Kentucky Baptists Elect to Starve Abused Children Rather Than Hire Gay People

Expanding the LGBTQ Conversation
March 12 2014 3:41 PM

Kentucky Baptists Elect to Starve Abused Children Rather Than Hire Gay People

neglected child
Collateral damage.

Photo by Xavier S./Thinkstock

Some absolutely sickening news out of Kentucky this month: Sunrise Children’s Services, which shelters and feeds more than 2,000 abused and neglected children every year, is facing a $7 million budget shortfall—a shortfall entirely manufactured by the Kentucky Baptist Convention in order to prevent Sunrise from hiring gay people.

Mark Joseph Stern Mark Joseph Stern

Mark Joseph Stern is a writer for Slate. He covers science, the law, and LGBTQ issues.

The trouble started last year, when Sunrise’s then-president and CEO, Bill Smithwick, suggested that the group end its ban on hiring gay people. Smithwick reasoned that, with LGBT nondiscrimination legislation on the horizon, Sunrise’s anti-gay policies could cause the charity to lose its taxpayer funding, which accounts for about 85 percent of its operating budget. Kentucky’s Baptist community, however, wasn’t so enthusiastic. As soon as Smithwick introduced the proposal, the Kentucky Baptist Convention encouraged its affiliates to blacklist Sunrise until it abandoned its proposed nondiscrimination policy. Church donors across the state immediately began withholding their usual contributions, refusing to donate a penny to an organization that might hire openly gay people.

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Smithwick’s fall from grace was swift and brutal. The Sunrise board quickly voted down his proposal, and soon after, the Kentucky Baptist Convention as a whole passed a vote of no-confidence in Smithwick. This vote—really a public shaming—essentially forced Smithwick to resign. Only after his resignation did the convention agree to allow its affiliate churches to donate to the children’s charity once again. But that period on the Baptist blacklist may have damaged Sunrise’s budget beyond repair.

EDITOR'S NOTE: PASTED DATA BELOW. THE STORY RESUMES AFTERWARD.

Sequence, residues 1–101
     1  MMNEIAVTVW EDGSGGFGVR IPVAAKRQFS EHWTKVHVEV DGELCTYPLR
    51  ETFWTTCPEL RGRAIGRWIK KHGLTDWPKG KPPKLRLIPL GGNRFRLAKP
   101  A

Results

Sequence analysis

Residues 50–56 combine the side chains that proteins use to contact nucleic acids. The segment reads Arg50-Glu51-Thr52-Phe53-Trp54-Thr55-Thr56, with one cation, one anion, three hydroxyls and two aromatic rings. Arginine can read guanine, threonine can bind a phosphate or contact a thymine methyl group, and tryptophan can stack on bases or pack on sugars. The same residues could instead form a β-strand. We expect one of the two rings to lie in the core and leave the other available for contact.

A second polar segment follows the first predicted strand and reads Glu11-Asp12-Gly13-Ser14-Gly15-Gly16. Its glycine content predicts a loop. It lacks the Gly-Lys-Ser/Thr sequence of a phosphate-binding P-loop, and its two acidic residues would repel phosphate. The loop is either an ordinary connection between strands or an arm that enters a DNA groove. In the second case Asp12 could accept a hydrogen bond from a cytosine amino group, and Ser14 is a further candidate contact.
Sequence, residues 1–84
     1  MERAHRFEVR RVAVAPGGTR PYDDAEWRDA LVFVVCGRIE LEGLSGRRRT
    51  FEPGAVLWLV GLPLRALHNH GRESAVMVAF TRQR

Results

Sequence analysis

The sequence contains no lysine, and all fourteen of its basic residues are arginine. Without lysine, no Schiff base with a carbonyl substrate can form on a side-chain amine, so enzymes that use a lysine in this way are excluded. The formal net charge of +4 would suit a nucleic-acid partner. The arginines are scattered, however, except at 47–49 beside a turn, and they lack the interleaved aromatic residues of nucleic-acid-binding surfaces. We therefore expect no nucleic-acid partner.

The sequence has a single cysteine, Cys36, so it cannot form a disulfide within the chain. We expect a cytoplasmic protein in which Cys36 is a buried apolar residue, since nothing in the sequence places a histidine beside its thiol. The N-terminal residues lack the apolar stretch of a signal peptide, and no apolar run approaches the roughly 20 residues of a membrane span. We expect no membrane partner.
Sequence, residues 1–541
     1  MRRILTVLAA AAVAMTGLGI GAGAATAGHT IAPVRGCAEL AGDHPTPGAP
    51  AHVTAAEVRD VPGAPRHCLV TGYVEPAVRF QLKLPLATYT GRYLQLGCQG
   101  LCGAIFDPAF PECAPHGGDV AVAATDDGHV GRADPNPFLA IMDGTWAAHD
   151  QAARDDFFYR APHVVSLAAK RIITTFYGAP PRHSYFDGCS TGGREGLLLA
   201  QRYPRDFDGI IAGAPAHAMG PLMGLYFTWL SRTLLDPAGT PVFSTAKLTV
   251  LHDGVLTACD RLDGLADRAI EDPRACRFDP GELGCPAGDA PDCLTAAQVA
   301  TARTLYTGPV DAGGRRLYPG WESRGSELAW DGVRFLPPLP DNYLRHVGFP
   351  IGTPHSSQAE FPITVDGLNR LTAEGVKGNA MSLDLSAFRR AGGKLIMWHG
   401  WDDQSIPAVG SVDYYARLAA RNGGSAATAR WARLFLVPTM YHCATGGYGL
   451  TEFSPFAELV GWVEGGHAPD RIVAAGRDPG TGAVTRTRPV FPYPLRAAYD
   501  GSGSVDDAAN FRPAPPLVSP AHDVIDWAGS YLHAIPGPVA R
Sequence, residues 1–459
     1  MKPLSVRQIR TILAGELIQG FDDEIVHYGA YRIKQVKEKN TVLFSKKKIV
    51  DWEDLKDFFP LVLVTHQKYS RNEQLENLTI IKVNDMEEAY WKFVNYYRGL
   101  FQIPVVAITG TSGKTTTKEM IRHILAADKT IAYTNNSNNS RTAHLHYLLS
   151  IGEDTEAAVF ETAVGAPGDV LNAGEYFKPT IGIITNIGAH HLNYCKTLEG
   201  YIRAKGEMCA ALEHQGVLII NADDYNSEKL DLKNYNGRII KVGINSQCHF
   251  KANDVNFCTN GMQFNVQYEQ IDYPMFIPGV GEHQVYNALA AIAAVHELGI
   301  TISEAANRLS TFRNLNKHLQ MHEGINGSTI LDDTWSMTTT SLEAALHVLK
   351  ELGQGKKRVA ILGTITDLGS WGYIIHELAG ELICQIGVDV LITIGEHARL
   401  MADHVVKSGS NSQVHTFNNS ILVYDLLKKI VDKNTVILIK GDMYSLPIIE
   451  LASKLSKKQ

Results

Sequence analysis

There is, of course, so much here to be disgusted by. But it’s worth starting with the convention's repulsive attacks on Smithwick’s reputation. Smithwick led Sunrise for nearly 17 years, vastly expanding its size and outreach. During his tenure, Smithwick was a leader in the fight against child abuse: He served on the board of the Virginia Association of Children’s Homes, the National Association of Christian Child and Family Services, the Children’s Alliance of Kentucky, Prevent Child Abuse Kentucky, and Kentucky Youth Advocates. Before coming to Sunrise, Smithwick worked at Virginia Baptist Children’s Home & Family Services, which served abused and neglected children. He devoted his life to helping kids in need. And now—because he floated a practical measure designed to forestall future budget problems—Smithwick has been expelled from the field and ostracized by his own convention.

It’s that convention, of course, that deserves the bulk of the outrage. If Kentucky Baptists didn’t want openly gay people helping to clothe, feed, and shelter abused and neglected children, they could simply have rejected Smithwick’s proposal. That, however, was not sufficient for the convention, which would not rest—or restore funding to Sunrise—until Smithwick was ousted from the organization altogether. This astonishingly petty and vindictive retaliation was, in fact, unnecessary, as no one else at Sunrise was willing even to entertain Smithwick’s proposal. But clearly, the convention wanted to send a brutally clear message to anyone who might consider dropping their ban on hiring gay people in the future.

Aside from Smithwick, no one will understand that message better than the 2,000 children who rely upon Sunrise every year to protect them from dire poverty or abusive parents. Thanks to the convention’s actions against Sunrise, those children’s wellbeing is now imperiled by a grave (and entirely manufactured) budget shortfall. In protesting Smithwick’s proposal, the convention claimed that hiring gay people would violate Baptist teaching. It seems, then, that depriving impoverished kids of food, clothes, and services in order to make a political point is more Christian than allowing a children’s charity to stop discriminating against gays.

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